I enjoy connecting with other Egyptian food bloggers, maybe it's because there aren't many of us; maybe because I can't seem to find enough Egyptian ladies interested in the kitchen the way I am. I recently found another kindred spirit and thought I'd share. Noha Serageldin is new on the scene. Starting in August, she's already got a bunch of posts for you to consume and her pleasant, friendly voice comes through - genuine, honest with a constant urge to learn. Support her on her journey and connect with her directly on her blog Matters of the Belly, on Facebook, on Instagram, on Twitter & on Pinterest. Here's Noha below. Make sure to try out her recipe.
I have a borderline obsessive love for eggplants. So much so, that I seriously contemplated calling my blog ‘The Anxious Aubergine’ before settling for ‘Matters of the Belly’. I kid you not. There is something quite magical, I find, about how its spongy and seemingly inedible interior in the raw state transforms into this incredibly creamy, sweet and earthy flesh once cooked correctly. As I mentioned before on my blog, I was one of those weird kids who always loved vegetables... growing up, just the mention of Moussaka or Fattah for lunch always got me excited.
Not much has changed since then… if anything, my love for vegetables has continued to grow as I have… and now, I am always on the lookout for new ways to enjoy them. Especially eggplants. Technically, the eggplant is a fruit from the berry family. I know, shocking right? However, I refuse to call anything a fruit if it cannot be part of a fruit salad (you heard me, tomatoes), so I shall proceed to refer to it as a vegetable. Go ahead, tell the veggie police… I like to live on the edge.
This recipe is inspired by a classic Turkish dish called ‘Imam Bayildi’, which translates to ‘the Priest fainted’. Legend has it that a Turkish Imam fainted when his new wife prepared him this dish; some say it was because of how delicious it was, others claim that what caused him to faint was the fact that the dish used up all the olive oil in his dowry. You see, traditionally, the eggplants are meant to be fried, and anyone who has ever cooked with eggplant before knows that it is a SPONGE for oil, and sucks up obscene amounts if you allow it. As tempting as that sounds, I choose not to fry them, for the sake of my expanding waistline. Also, the original recipe is vegetarian, whereas in my version I add minced beef to the stuffing, which is how we have always made it in our household.
As it always is with family recipes, this one has evolved and changed each time I make it, resulting in a version I can proudly call my own, yet still reminds me of the Imam Bayildis of my childhood. Our family cook of over 30 years, whose name is Iman, liked to joke that this dish was named after her, and called it Iman Bayildi. I still call it that, and it never fails to give me a warm, fuzzy tingle in my heart each time I do.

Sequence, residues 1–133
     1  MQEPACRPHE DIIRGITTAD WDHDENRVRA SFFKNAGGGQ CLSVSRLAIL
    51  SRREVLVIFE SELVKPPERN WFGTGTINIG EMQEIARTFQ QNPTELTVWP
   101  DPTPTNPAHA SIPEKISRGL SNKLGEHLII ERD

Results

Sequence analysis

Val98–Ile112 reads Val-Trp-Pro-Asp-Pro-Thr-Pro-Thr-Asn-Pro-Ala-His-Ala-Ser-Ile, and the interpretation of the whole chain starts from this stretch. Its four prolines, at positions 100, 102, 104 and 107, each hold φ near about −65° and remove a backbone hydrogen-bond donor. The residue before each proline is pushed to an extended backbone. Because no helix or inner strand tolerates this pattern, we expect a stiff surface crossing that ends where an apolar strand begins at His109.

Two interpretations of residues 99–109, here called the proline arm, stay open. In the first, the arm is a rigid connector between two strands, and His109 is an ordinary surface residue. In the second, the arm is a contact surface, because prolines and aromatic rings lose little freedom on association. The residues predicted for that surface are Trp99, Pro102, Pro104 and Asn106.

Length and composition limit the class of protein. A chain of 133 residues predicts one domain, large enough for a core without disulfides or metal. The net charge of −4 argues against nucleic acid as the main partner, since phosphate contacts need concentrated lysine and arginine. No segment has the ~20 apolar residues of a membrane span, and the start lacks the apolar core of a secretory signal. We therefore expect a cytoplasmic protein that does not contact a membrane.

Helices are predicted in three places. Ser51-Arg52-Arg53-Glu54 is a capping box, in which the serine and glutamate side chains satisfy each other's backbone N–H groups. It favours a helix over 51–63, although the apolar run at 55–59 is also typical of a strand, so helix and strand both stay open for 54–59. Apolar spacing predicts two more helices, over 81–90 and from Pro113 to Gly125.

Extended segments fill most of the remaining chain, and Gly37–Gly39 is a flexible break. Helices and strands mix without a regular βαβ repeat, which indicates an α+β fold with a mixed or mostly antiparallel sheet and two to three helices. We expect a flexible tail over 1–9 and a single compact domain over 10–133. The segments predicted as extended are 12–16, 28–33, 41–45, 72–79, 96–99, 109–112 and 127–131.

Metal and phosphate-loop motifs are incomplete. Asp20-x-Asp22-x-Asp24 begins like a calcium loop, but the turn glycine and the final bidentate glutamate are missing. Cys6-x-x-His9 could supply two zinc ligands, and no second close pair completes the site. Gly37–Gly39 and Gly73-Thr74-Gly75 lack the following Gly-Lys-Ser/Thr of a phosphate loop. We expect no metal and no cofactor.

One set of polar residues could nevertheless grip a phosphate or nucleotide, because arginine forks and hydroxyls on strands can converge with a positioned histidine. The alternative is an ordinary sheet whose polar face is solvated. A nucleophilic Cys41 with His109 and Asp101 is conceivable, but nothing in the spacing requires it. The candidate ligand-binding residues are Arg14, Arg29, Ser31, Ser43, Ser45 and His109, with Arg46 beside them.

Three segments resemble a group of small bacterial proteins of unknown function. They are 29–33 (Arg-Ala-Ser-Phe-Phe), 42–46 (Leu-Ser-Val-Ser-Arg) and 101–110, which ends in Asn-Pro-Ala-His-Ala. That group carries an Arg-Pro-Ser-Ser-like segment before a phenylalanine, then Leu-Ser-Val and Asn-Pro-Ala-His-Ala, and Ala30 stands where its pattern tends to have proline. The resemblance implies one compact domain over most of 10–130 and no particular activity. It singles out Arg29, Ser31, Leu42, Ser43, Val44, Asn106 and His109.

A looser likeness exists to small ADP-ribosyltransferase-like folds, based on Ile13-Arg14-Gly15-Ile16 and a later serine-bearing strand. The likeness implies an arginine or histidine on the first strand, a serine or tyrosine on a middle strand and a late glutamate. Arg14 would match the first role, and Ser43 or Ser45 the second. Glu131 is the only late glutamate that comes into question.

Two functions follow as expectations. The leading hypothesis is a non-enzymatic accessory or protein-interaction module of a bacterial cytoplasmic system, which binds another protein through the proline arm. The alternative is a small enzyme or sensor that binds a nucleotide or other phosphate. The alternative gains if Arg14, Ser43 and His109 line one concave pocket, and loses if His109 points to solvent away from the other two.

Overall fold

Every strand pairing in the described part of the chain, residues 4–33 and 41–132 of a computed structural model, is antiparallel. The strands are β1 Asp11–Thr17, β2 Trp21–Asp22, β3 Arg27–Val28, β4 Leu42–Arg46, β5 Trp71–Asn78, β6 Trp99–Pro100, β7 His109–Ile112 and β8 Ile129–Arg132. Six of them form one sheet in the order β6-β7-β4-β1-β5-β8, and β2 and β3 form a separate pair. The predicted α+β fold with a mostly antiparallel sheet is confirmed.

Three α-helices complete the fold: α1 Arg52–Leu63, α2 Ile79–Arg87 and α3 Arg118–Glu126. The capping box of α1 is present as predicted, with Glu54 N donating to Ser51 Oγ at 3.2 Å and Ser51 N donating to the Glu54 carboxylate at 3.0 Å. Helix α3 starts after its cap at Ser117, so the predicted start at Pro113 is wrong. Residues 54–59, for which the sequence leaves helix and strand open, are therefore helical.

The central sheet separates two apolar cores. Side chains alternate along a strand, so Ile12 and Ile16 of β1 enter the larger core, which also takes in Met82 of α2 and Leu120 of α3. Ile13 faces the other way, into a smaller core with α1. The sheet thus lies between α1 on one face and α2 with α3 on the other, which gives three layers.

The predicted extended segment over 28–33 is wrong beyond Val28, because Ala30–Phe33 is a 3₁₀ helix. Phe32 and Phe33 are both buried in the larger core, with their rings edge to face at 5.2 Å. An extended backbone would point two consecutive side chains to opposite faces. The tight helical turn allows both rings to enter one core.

Iman Bayildi (stuffed Eggplant)
Prep time: 20 min
Cook time: 25-30
2 medium/4 small eggplants
250g minced beef
3 tbsp olive oil plus extra for drizzling
1 medium onion, finely chopped
3 cloves garlic, minced
2/3 tsp cinnamon
¼ tsp nutmeg
¼ tsp cardamom
½ tsp sumak
3 tbsp pomegranate molasses
¼ cup raisins or sultanas
Salt & pepper to taste
250ml tomato puree (I use store bought passata, but any tomato sauce will do)
2 tbsp pine nuts
½ tsp ghee (optional)
Fresh basil or mint leaves for serving
Preheat the oven to 180 degrees C.
Wash & dry the eggplants, then slice each lengthwise in half. Using a vegetable peeler, peel the skin, leaving a 2cm border along the edge (as shown in photo). If you are using smaller eggplants, you may leave the skin on if you like, but mine were on the larger side so the skin could be too tough and bitter.
Using a spoon, scoop out about a third of the flesh of each eggplant half, then set aside. Chop up the scooped up flesh into small pieces (to be used in the filling).
In a large non-stick pan over medium heat, add the olive oil and onions. Cook until softened, about 5min. Add garlic, cook until fragrant, about 1min. Add the minced beef and cook until colour changes.
Add the chopped up eggplant flesh and the spices, cook until the beef begins to brown. Add the pomegranate molasses & raisins, season to taste and remove from the heat.
Using a spoon, stuff the eggplant halves with the mixture. In a baking tray, pour in the tomato puree/sauce, and arrange the stuffed eggplants on top. Drizzle liberally with olive oil and bake in the oven for 25-30 minutes, until the eggplant is soft and slightly golden.
If the stuffing is browning too fast, you may cover the dish loosely with some foil.
Meanwhile, in a small non-stick pan over low heat, melt the ghee if using and add the pine nuts. Cook, stirring continuously until golden. You may do the same without the ghee (dry toasting) if you wish, but the ghee just gives it the most amazing flavour.
When the eggplant is ready, remove from the oven and sprinkle with the toasted pine nuts and basil/mint leaves. Serve immediately.